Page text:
Despite non-stop carnage in Lebanon, the subject of top news stories, and the blogosphere continues to be Mel Gibson and his DUI arrest and possible conviction. I am not exempt from the rest of the populace who is interested in all the goings-on; although my interest is not for the sake of blame or blood-letting, as has been presented in certain blogs, opinions and commentaries.
I’ve read much of the press, and some of the opinion. Besides the Hollywood insider-speculation about whether he’ll eat lunch (or make deals) in this town again, much of the opinion I’ve read has been from conservatives and Christians who feel he has soiled the “cause.” Funny thing is, apart from his Catholic faith, I don’t think he considered himself a factor in this supposed cause. All he did was produce and direct a movie that resonated with believers in Jesus, and the rest was their doing. What is that scripture, “The arm of flesh will fail you?” Despite his gift in crafting a story that held closely to the Jesus presented in the Bible and that reflected him in a manner that did not offend true believers, this did not make him a spokesman or a leader. Mel Gibson is a flesh and blood man, who is prone to failure and mistakes, just like us. Unlike us, his failures are plastered across the television, print and online media for all the world to see. I wouldn’t know how to begin to live down that mug shot, short of plastic surgery and a name change.
Unlike certain groups, like the Anti-Defamation League and the so-called Hollywood elite, I am neither condemning him, nor rushing to predict what his future will be. My two overriding emotions have been overwhelming sorrow, and deep concern. Addiction of any kind is an ugly thing, and while this is not an excuse for his behavior, it is a clear indicator that he is in extreme pain, and not just because of his “anti-Semitic” rants or because he got caught.
Mel Gibson’s interview with Diane Sawyer in 2004 was particularly telling to me. At the time, he was addressing the swirl of controversy surrounding “The Passion,” defending himself against charges of anti-Semitism, not only because of what was presented in the movie, but because of his own father’s Jew-hating position and remarks.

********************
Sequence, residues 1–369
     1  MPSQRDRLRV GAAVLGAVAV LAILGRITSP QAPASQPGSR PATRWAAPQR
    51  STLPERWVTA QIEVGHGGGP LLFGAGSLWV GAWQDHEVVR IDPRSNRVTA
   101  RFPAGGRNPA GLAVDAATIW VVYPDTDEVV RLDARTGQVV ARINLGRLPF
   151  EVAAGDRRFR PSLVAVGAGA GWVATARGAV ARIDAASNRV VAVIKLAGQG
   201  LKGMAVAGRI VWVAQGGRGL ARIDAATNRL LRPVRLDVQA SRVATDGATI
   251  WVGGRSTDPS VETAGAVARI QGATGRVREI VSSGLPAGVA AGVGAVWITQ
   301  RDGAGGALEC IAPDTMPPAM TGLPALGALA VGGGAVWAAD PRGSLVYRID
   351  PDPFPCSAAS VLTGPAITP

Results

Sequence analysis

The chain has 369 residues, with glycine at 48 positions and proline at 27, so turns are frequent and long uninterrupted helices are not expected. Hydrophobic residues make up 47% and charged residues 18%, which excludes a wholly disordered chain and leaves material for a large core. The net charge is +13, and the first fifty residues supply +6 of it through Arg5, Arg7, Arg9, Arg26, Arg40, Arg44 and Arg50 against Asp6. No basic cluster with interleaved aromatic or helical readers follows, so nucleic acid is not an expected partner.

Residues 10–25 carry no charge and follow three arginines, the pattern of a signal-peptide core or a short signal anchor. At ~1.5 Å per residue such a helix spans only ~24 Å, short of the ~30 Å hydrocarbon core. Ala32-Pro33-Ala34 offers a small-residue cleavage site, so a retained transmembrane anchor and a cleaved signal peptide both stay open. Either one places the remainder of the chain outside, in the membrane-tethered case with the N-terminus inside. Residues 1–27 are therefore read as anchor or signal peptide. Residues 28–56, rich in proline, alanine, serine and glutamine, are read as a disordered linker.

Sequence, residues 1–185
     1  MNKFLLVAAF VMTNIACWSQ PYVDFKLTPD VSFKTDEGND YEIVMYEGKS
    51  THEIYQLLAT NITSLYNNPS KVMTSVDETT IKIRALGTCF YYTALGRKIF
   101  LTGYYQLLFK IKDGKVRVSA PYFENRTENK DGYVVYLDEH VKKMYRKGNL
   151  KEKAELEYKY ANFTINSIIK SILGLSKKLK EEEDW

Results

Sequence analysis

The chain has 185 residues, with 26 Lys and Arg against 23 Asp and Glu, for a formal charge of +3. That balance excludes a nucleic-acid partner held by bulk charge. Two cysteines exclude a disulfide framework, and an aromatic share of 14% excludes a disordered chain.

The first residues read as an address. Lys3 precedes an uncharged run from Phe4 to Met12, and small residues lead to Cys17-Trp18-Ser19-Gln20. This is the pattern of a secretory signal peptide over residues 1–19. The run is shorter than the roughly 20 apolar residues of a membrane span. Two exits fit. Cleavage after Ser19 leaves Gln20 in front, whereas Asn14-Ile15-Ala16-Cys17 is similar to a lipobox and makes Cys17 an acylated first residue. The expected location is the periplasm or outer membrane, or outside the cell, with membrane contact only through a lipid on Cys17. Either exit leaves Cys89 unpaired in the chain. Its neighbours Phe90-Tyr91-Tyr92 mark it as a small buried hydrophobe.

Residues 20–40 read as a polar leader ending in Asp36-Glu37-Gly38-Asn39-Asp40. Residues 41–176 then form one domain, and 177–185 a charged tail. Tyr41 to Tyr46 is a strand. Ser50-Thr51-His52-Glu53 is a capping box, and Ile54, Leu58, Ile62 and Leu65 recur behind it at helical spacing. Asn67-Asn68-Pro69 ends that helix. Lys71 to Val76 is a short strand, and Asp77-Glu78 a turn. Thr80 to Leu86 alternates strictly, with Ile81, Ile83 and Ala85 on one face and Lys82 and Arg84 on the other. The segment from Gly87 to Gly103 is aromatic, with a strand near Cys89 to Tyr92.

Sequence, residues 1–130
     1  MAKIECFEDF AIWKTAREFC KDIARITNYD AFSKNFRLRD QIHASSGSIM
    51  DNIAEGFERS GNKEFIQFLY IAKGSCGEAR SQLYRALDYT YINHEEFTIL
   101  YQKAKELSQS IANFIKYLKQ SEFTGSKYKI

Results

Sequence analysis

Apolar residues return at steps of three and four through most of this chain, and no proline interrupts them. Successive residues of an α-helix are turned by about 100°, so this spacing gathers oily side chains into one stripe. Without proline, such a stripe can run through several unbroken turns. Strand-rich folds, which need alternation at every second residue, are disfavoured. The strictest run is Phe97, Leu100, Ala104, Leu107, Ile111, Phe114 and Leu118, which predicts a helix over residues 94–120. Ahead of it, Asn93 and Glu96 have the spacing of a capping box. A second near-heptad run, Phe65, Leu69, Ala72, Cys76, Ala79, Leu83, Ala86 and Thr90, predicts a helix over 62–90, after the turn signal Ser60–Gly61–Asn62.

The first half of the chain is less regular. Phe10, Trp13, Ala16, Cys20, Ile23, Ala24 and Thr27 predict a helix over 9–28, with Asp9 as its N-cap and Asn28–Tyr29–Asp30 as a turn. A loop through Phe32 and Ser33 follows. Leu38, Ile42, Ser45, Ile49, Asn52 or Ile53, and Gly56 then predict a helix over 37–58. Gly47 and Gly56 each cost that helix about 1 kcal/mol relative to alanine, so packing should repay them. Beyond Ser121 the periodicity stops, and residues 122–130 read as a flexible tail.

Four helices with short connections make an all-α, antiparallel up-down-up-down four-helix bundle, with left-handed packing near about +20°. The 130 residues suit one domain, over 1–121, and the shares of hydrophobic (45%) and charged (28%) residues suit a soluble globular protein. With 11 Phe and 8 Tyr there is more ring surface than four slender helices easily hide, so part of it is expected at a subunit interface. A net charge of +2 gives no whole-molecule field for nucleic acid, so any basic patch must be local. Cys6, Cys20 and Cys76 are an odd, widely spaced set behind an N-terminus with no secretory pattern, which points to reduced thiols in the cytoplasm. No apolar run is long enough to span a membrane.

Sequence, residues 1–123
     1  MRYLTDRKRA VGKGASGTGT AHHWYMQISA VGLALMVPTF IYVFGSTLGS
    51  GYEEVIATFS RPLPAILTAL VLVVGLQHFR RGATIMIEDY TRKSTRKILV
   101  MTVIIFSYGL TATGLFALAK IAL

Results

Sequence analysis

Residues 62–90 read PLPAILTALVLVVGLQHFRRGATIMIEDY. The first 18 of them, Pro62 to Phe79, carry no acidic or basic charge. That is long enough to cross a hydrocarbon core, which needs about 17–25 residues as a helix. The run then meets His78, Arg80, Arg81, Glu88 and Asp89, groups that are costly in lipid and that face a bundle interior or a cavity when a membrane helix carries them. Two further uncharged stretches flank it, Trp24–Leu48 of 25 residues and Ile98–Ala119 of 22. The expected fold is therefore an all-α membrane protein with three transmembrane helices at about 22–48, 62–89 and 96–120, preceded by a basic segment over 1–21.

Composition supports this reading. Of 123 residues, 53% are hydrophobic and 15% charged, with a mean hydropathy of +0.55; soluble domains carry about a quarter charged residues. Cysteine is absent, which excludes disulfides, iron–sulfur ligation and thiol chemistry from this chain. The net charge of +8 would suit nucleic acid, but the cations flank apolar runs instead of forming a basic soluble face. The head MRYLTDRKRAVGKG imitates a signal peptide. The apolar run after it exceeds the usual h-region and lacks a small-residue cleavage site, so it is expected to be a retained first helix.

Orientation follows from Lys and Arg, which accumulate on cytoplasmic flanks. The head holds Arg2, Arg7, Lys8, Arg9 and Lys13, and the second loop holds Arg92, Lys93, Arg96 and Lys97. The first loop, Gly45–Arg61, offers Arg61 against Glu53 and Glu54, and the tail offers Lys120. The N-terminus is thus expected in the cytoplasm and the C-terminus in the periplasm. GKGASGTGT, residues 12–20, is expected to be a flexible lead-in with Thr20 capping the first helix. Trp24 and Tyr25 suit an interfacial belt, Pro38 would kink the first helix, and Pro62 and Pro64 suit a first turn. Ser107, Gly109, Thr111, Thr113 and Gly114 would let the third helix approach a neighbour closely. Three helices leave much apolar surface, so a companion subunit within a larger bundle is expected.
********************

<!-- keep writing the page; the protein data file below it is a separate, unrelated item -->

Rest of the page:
The interview was pure fluff (I find Diane Sawyer vacuous), but Mel’s demeanor and behavior was what most riveted me. He came off as a frightened, wound-too-tight, little boy, plunked in the middle of a media controversy that I don’t believe he himself intended to produce. He managed to come through the whole brouhaha with grace and aplomb, not to mention extremely rich and powerful. A $600 million-plus box office has its privileges.
But after the payout and the vindication, Mel was still left with…Mel, and whatever pain that produces could not be assuaged with production deals and A-list meetings. So it appears that he went back to what buries the pain, and for him, it seems to be alcohol. I know too many people, including family members, who have battled the demon in a bottle. Some have conquered, others have lost, and some are still fighting.
Despite what I may think of Mel the actor, the director, the alcoholic or the supposed anti-Semite, because he professes faith in Jesus Christ—the same Christ in whom I hold faith—that makes him my brother. And because he is my brother, he, first and foremost, needs my prayers. So I began to pray for Mel as I drove home from work today, and will continue to pray for him as he crosses my mind, or a headline concerning him crosses my TV screen or web browser.
My prayers for Mel are that he keeps fighting, and gains true victory; that whatever pain drives him to self-destruction will be healed, and for healing in his marriage, which cannot be doing well under the stress of addiction and the present scandal. I also pray for healing for his children, who often carry unseen scars as a result of their parent’s fallout and failures.
Confess your sins to each other and pray for each other so that you may be healed. The earnest prayer of a righteous person has great power and wonderful results.